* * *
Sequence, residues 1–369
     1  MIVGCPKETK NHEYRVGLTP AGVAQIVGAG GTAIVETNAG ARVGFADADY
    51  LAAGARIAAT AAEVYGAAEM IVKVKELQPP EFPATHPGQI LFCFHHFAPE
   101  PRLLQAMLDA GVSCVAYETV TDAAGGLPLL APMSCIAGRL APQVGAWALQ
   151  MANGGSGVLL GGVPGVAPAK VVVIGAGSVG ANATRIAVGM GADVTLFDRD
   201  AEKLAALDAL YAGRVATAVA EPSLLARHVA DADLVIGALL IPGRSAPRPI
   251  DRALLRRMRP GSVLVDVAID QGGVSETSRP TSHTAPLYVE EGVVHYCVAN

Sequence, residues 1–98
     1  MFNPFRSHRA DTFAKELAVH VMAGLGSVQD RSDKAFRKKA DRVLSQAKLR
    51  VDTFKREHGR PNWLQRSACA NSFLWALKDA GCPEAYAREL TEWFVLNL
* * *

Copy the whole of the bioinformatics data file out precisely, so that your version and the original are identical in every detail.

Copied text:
Sequence, residues 1–369
     1  MIVGCPKETK NHEYRVGLTP AGVAQIVGAG GTAIVETNAG ARVGFADADY
    51  LAAGARIAAT AAEVYGAAEM IVKVKELQPP EFPATHPGQI LFCFHHFAPE
   101  PRLLQAMLDA GVSCVAYETV TDAAGGLPLL APMSCIAGRL APQVGAWALQ
   151  MANGGSGVLL GGVPGVAPAK VVVIGAGSVG ANATRIAVGM GADVTLFDRD
   201  AEKLAALDAL YAGRVATAVA EPSLLARHVA DADLVIGALL IPGRSAPRPI
   251  DRALLRRMRP GSVLVDVAID QGGVSETSRP TSHTAPLYVE EGVVHYCVAN

Sequence, residues 1–98
     1  MFNPFRSHRA DTFAKELAVH VMAGLGSVQD RSDKAFRKKA DRVLSQAKLR
    51  VDTFKREHGR PNWLQRSACA NSFLWALKDA GCPEAYAREL TEWFVLNL